Journal Club was led by Grantham Scholar Emanga Alobwede who introduces the use algae as biofertilisers in agriculture.
The article I chose for Journal Club was Evaluating the potential of plant growth promoting cyanobacteria as inoculants for wheat. Its focus was on the use of algae as biofertilisers in agriculture.
Biofertilisers are beneficial microorganisms added to the soil to provide nutrients and make them available through various mechanisms.
The significance of algae as biofertilisers was first recognised in 1939, when De attributed the fertility of tropical rice field soils to the nitrogen fixing abilities of blue-green algae in the soil.
Algal biofertilisers have been used extensively in countries such as Spain, France, Ireland, Japan and other parts of Asia. All have recognised algae’s economic and environmental significance as an organic fertiliser.
Algae are a diverse group of organisms inhabiting a wide range of environments. Freshwater, marine and terrestrial and even hostile environments, such as hot springs and the Antarctic, can all contain algae.
They range from 0.2um in diameter (microalgae) up to beyond 50m in length (macroalgae or seaweeds). They are normally referred to as aquatic and photosynthetic organisms. And algae have simple reproductive structures, such as that of microalgae which possess unicellular/simple multicellular structures.
Algae are without roots, stems, leaves or vascular tissue as found in terrestrial plants. Cyanobacteria however, although also called blue-green algae, are classified as bacteria.
One of the big challenges of the 21st century is improving the way we produce our crops. We need technologies are environmentally sound and sustainable so we can feed the growing global population.
Biofertilisers are promising in this respect. They have been touted as an eco-friendly and sustainable way of replacing synthetic fertilisers, whose production is reliant on fossil fuels, which in turn contribute to greenhouse gas emissions.
Algae in particular have emerged as a suitable option for restoring soil fertility as well as enhancing plant growth and productivity. Plus their use as a biofertiliser can substantially limit the use of synthetic fertilisers.
Algal fertilisers could not only help in improving soil fertility through the increase of soil carbon and nitrogen, and through the aggregation of soil particles to improve soil structure. They also secrete extracellular polymeric substances which help bind soil particles together, as well as help soil overcome conditions of water stress.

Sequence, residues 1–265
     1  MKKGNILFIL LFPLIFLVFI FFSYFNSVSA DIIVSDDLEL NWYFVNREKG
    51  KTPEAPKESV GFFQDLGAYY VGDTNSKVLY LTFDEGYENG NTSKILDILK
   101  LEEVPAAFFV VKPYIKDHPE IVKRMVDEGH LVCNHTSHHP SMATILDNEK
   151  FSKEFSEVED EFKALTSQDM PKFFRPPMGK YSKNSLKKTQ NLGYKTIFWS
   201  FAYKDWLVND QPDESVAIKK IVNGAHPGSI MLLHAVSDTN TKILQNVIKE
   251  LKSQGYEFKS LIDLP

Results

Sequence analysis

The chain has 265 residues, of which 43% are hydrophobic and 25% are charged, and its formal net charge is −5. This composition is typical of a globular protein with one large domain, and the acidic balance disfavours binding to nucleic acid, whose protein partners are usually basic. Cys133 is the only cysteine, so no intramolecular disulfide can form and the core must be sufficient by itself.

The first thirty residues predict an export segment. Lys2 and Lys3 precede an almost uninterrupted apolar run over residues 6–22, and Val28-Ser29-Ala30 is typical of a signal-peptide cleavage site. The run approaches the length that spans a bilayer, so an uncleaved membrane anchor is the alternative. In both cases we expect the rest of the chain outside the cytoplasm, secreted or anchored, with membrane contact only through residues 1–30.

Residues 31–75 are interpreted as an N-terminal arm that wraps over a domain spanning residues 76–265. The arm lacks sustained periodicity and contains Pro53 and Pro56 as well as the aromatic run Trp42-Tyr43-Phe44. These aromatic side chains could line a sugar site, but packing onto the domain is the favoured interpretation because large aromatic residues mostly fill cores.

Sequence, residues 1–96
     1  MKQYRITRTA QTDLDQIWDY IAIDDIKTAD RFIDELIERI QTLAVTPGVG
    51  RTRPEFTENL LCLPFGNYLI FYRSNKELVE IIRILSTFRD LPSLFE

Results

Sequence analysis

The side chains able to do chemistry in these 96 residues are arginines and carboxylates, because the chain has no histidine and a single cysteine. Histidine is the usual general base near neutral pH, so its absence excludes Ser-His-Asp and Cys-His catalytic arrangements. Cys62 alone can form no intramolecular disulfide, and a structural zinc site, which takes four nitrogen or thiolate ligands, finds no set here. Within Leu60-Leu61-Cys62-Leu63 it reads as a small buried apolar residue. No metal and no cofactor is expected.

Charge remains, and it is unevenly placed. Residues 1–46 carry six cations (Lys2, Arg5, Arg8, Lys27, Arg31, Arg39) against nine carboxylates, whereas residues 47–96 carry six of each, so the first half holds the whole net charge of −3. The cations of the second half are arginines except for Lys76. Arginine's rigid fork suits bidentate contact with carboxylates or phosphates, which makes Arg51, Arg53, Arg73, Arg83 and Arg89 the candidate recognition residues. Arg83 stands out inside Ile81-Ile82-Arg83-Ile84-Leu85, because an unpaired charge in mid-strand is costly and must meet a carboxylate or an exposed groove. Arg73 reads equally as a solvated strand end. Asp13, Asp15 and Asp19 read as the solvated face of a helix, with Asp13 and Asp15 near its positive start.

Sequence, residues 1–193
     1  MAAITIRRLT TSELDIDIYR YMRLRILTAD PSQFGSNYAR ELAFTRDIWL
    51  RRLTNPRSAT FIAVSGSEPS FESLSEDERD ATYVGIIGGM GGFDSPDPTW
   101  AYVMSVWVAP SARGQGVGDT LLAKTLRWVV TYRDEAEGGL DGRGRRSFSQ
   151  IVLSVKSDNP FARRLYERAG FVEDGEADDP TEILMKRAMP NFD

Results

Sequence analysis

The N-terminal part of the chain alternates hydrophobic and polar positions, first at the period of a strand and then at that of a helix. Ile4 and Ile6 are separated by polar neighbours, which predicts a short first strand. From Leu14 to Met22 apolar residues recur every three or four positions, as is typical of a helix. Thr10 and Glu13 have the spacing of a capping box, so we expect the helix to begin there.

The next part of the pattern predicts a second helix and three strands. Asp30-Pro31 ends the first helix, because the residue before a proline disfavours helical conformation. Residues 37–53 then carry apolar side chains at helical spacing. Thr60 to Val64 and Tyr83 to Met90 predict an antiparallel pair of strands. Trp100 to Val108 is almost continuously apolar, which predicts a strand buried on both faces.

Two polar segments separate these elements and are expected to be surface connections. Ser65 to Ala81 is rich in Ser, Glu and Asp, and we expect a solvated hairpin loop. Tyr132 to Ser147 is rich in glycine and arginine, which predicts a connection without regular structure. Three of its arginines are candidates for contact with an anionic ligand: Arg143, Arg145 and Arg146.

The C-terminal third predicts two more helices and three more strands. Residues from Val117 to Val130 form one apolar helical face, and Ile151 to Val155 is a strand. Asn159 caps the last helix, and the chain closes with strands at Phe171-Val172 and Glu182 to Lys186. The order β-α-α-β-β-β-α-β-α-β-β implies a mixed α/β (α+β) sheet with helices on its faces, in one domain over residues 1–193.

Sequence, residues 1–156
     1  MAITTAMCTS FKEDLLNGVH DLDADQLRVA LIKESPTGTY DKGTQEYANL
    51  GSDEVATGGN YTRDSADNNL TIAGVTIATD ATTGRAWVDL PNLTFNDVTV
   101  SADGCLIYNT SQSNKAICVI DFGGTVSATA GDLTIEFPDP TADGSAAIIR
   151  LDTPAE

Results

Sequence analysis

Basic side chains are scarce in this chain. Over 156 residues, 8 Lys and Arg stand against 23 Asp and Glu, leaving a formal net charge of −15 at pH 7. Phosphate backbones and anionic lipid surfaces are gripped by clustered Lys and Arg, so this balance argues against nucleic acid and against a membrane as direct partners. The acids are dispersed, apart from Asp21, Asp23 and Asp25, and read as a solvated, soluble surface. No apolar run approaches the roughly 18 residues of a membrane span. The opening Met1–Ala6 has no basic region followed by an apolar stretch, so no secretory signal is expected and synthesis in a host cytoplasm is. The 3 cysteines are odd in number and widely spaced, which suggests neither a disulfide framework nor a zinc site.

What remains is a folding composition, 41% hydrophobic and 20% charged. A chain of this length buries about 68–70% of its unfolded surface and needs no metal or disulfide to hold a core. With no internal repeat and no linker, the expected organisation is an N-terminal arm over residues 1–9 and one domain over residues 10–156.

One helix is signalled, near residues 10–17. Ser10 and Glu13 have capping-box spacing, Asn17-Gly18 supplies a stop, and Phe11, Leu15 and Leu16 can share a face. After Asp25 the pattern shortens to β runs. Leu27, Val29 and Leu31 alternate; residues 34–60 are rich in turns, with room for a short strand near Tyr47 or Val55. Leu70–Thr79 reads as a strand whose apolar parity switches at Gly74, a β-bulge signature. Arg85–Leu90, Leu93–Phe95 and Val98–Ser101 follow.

Plus algae release plant hormones, which increase plant growth and therefore yield. And they release phytochemicals, which protect plants and allow them to develop resistance toward biotic and abiotic stress.
The paper we discussed week presents an example of an experiment carried out using cyanobacteria isolated from the root area (rhizosphere) of wheat crops.
The cyanobacterial inoculants which emerge have positive effects on plant height, dry weight and grain yield. And they increase the number of soil microorganisms that transform soil nutrients which are unavailable to plants into forms that are available to plants. Soil microorganisms also improve soil air circulation.
However, in our discussion, several of the Scholars suggested there limitations in the study.
For instance, cyanobacterial fertilisers were added in combination with inorganic fertiliser. As a result, it is hard to determine whether the growth of plants was due to cyanobacteria alone or the impact of the inorganic fertiliser. However, there is evidence that cyanobacteria alone are able to increase rice and wheat grain and yield, so the problem is limited to just this paper. That said, the mechanisms behind the actions of cyanobacteria are not fully understood.
The effects of algal fertilisers on soil are usually residual rather than immediate: i.e. nutrients are not immediately provided to the soil but instead, they gradually build up and are usually available for subsequent crops. This a great advantage when it comes to maintaining soil fertility for longer periods.
However, despite the numerous benefits provided by algal fertilisers, there is a pressing need to understand this technology better so that it can be improved to become more readily available and reliable.
Nonetheless, algal fertilisers’ benefits mean it is worth promoting this area of research. And perhaps broadening the focus to other types of algae that also show promise.
Grantham Centre soil researchers come from across disciplines at the University of Sheffield to work on soil. From chemistry to social sciences, working all around the world, we have a diverse group of soil experts. Find out more: Soil research at the Grantham Centre.
Journal Club is meet up of Grantham Scholars to discuss publications from a multidisciplinary perspective. It is part of the Grantham Scholar training programme.
Edited by Claire Moran. The main image shows Emanga Alobwede in the lab.